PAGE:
Stereotactic coordinates for intracerebroventricular infusion after permanent focal cerebral ischemia in Wistar rats

Hippokratia. 2012; 16(1):51-56

A. Lourbopoulos, S. Chatzigeorgiou, T. Mavridis, I. Kokkinakis, N. Tascos, C. Simeonidou


Background: Intracerebroventricular (ICV) experimental route is highly promising due to immediate approach of a “therapy” to the cerebrospinal compartment. Ischemic edema causes structural dislocations and stereotaxia alterations after temporary Middle Cerebral Artery Occlusion (t-MCAO), while there is no similar study for intracerebroventricular (ICV) invasion after permanent MCAO (p-MCAO).
Methods: Male Wistar rats were subjected to right p-MCAO and clinically evaluated 6 and 18 hours post-occlusion, using the modified Neurological Stroke Scale (mNSS) and modified Bederson’s Scale (mBS). Infarction volume, hemispheric edema, middle line dislocation and stereotaxia of the lateral ventricles were studied at the same time-points.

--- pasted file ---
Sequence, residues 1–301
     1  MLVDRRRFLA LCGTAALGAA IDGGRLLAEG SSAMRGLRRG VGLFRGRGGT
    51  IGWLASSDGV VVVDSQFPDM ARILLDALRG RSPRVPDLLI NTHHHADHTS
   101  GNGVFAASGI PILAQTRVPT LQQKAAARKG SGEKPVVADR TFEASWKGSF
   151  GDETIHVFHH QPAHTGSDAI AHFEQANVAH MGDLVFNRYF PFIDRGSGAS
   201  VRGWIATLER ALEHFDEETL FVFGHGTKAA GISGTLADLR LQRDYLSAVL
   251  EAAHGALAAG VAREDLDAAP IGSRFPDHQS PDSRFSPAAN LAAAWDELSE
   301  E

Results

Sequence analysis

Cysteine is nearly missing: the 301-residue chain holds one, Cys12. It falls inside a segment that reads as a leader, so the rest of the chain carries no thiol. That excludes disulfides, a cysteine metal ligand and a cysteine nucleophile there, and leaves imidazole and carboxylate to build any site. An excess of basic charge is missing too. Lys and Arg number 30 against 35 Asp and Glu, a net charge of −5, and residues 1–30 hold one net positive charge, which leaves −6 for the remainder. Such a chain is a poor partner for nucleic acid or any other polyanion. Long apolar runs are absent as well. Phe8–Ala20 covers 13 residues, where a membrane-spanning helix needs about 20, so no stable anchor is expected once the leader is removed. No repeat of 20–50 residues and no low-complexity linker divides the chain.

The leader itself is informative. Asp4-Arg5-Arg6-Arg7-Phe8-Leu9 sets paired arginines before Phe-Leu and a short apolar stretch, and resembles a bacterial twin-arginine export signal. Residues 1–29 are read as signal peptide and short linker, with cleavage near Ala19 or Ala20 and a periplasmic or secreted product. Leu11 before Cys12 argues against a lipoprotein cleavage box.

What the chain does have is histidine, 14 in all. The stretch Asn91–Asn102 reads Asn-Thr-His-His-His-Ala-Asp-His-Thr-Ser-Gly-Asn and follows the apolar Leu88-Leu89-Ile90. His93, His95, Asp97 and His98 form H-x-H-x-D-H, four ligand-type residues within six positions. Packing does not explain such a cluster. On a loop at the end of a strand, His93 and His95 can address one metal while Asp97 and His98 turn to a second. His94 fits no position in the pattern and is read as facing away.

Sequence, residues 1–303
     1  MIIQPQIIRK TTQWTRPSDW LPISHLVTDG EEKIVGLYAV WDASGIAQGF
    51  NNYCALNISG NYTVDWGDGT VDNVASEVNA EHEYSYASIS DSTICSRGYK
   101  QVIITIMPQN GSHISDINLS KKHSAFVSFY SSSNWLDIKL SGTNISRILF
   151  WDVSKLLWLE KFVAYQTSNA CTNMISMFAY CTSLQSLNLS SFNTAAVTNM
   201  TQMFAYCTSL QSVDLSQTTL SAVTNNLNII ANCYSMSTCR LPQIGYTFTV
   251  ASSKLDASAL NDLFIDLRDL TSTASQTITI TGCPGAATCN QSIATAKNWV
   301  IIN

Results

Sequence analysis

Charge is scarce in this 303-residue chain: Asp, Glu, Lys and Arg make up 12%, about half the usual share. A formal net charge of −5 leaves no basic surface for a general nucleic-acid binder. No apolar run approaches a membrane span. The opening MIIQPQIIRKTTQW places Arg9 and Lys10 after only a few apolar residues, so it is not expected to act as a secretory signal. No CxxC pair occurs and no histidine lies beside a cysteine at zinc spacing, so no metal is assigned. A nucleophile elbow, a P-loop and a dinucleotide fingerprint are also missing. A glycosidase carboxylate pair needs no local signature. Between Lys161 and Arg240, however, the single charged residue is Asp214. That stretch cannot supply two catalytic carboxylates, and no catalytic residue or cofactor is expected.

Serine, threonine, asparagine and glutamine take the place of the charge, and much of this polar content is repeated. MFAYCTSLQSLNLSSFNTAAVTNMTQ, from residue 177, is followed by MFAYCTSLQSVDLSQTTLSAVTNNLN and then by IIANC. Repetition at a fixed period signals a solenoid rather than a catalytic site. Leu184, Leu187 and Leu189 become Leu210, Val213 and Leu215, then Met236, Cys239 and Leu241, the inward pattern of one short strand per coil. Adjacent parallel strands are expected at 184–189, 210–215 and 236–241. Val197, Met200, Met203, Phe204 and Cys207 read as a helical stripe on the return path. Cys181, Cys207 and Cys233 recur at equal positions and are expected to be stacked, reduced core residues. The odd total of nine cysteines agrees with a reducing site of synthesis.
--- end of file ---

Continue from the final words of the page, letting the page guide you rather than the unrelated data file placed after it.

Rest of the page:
Results: P-MCAO induced mild but significant changes in the stereotaxia of the infarcted (ipsilateral) lateral ventricle on 18- (P<0.05), though not 6-hours (P>0.05) post-occlusion. These changes correlated with the mNSS and mBS scores (P<0.01) and allowed the expression of linear mathematical equations (stereotaxic coordinate = b0 + b1*mNSS; calculated by regression analysis) predicting the new ventricular position in each individual animal. The contralateral ventricular system was structurally unaffected on both time-points. Verification experiments indicated that the new coordinates were necessary on 18-hours post-occlusion for successful ICV invasion in all p-MCAO rats (Number Needed to Treat 2.28), compared to 56.25% success when using the classical coordinates for normal rats.
Conclusions: P-MCAO causes relatively late but predictable stereotaxia shifts for ICV invasion, which are different compared to t-MCAO.